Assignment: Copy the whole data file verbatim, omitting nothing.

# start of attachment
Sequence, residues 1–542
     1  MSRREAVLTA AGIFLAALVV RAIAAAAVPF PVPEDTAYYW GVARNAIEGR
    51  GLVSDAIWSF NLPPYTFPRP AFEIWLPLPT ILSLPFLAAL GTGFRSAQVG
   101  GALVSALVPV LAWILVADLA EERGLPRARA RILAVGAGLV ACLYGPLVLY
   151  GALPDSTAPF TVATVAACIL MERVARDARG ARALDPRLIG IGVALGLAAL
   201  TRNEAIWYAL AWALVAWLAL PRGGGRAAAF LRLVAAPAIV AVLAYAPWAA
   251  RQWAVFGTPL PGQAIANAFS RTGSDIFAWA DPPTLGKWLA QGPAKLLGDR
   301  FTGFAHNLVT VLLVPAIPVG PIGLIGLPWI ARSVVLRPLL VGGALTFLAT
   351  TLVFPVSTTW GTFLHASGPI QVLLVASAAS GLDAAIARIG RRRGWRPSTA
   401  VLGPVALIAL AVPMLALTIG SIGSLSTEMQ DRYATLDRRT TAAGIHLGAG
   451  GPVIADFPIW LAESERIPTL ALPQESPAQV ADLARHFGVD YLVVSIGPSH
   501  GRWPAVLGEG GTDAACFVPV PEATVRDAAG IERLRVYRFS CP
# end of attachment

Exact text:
Sequence, residues 1–542
     1  MSRREAVLTA AGIFLAALVV RAIAAAAVPF PVPEDTAYYW GVARNAIEGR
    51  GLVSDAIWSF NLPPYTFPRP AFEIWLPLPT ILSLPFLAAL GTGFRSAQVG
   101  GALVSALVPV LAWILVADLA EERGLPRARA RILAVGAGLV ACLYGPLVLY
   151  GALPDSTAPF TVATVAACIL MERVARDARG ARALDPRLIG IGVALGLAAL
   201  TRNEAIWYAL AWALVAWLAL PRGGGRAAAF LRLVAAPAIV AVLAYAPWAA
   251  RQWAVFGTPL PGQAIANAFS RTGSDIFAWA DPPTLGKWLA QGPAKLLGDR
   301  FTGFAHNLVT VLLVPAIPVG PIGLIGLPWI ARSVVLRPLL VGGALTFLAT
   351  TLVFPVSTTW GTFLHASGPI QVLLVASAAS GLDAAIARIG RRRGWRPSTA
   401  VLGPVALIAL AVPMLALTIG SIGSLSTEMQ DRYATLDRRT TAAGIHLGAG
   451  GPVIADFPIW LAESERIPTL ALPQESPAQV ADLARHFGVD YLVVSIGPSH
   501  GRWPAVLGEG GTDAACFVPV PEATVRDAAG IERLRVYRFS CP